Iguacu Falls—Brazil & Argentina
“Poor Niagara.” This is what Eleanor Roosevelt allegedly said when she first saw Iguacu Falls, a network of 275 separate waterfalls that spans two miles of river on the border between Brazil and Argentina. During the rainy season—March through November—the water's flow rate can reach 450,000 cubic feet per second. So revered are the falls that Hollywood has come calling on multiple occasions, most notably for Roland Joffe's
The Mission and Steven Spielberg's Indiana Jones and the Kingdom of the Crystal Skull.
(Photo: Education Images / UIG via Getty)
Niagra Falls—United States & Canada
Straddling the international border between the U.S. and Canada, Niagara Falls is actually three separate falls. Both American Falls (167 feet high) and Bridal Veil Falls (181 feet tall) are situated on the U.S. side. To the north, in Canada, drops Horsehoe Falls (158 feet tall). Perhaps the best way to check out the falls—assuming, of course, that you don’t mind a steady wet breeze in your face—is from the famed boat, the
Maid of the Mist, which can get as close as 600 feet from the base of the falls.
(Photo: Dan Porges / Getty)
Perhaps the coolest part of visiting Iceland’s Seljalandsfoss Waterfall is the hiking trail…located directly behind the falls, which, of course, makes for spectacular photo ops. Fair warning: Bring your waterproof boots and raincoat. The spray from the water falling 200 feet off the cliff above and hitting the stream below is said to be akin to a torrential downpour.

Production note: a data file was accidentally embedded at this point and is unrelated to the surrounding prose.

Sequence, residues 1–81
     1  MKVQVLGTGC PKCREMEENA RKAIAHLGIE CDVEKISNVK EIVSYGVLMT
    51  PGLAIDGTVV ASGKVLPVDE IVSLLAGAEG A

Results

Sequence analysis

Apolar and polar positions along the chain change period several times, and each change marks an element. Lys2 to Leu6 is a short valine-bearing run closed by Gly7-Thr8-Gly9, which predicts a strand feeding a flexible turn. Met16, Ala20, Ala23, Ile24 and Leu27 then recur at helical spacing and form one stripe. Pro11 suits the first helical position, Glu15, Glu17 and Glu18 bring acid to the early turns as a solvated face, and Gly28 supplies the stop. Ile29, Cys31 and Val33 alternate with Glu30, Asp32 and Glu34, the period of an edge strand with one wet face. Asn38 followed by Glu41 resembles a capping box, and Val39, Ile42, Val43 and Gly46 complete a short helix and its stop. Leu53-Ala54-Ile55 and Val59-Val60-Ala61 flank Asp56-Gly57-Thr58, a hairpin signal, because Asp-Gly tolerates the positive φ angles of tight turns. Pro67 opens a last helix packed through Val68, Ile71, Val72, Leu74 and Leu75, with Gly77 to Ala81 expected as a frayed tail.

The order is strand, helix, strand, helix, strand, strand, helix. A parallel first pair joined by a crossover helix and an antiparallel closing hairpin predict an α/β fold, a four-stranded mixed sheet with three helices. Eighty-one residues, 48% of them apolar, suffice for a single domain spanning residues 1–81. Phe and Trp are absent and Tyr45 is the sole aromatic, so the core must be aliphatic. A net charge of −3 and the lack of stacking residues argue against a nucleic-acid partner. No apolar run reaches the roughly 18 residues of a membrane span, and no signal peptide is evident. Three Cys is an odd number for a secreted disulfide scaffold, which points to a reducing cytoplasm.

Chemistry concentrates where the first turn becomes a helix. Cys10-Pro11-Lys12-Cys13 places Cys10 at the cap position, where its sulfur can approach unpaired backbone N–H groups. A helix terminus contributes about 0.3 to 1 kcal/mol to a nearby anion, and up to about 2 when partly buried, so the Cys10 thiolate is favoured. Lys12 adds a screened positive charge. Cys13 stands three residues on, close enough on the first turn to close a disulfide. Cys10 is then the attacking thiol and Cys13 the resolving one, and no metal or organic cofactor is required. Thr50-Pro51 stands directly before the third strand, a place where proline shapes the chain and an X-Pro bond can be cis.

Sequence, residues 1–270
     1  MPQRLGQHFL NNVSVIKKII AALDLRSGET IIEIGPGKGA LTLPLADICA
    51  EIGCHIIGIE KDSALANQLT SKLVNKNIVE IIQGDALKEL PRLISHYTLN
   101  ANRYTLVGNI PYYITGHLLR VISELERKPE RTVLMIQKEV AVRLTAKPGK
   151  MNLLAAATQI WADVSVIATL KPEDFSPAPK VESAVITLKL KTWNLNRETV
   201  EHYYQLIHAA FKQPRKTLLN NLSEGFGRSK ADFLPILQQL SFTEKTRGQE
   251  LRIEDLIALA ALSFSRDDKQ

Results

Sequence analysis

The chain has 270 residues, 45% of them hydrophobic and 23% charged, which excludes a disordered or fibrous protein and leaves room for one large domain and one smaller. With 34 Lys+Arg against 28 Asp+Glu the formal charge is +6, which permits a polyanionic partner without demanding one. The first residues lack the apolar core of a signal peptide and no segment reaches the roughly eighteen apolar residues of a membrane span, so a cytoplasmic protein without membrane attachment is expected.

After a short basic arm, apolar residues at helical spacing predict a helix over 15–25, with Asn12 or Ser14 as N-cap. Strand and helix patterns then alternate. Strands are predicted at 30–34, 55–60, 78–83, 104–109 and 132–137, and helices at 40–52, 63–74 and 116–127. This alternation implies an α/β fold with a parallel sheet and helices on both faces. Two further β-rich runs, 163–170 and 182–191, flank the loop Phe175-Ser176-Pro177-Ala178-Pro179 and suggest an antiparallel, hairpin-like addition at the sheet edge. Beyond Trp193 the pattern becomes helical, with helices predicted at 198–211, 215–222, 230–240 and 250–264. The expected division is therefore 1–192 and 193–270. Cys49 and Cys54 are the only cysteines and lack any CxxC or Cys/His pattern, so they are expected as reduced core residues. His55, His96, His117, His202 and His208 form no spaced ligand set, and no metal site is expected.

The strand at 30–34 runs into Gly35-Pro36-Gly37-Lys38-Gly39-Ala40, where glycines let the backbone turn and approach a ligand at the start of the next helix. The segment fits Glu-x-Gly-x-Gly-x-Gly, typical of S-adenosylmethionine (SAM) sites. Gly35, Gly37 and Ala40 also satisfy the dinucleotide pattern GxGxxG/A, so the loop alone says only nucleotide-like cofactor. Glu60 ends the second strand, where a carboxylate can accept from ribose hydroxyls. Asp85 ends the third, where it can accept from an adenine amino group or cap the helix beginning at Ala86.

(Photo: Focus on Nature / Getty)
Home to 16 lakes, a handful of natural dams and caves, and thousands of varying-sized falls, Plitvice Lakes National Park in southern Croatia is like something out of a Technicolor fever dream—or a C.S. Lewis novel. The water in this UNESCO World Heritage Site is famous for its distinctive coloring: Everything from azure to green to steely gray. The hue is in constant flux because of mineral-rich run-off from the nearby Dinaric Alps.
(Photo: Richard Fellinger / Getty)
Known as the Niagara of the West, Shoshone Falls cascades off the Snake River roughly five miles east of Twin Falls, Idaho. The 212-foot tall waterfall is best viewed in the spring, as the siphoning of the river for irrigation purposes has often diminished water levels in the summer and fall.
(Photo: Connie Coleman / Getty)
5 Totally Rad Car-Free Towns
These towns were made for walking.
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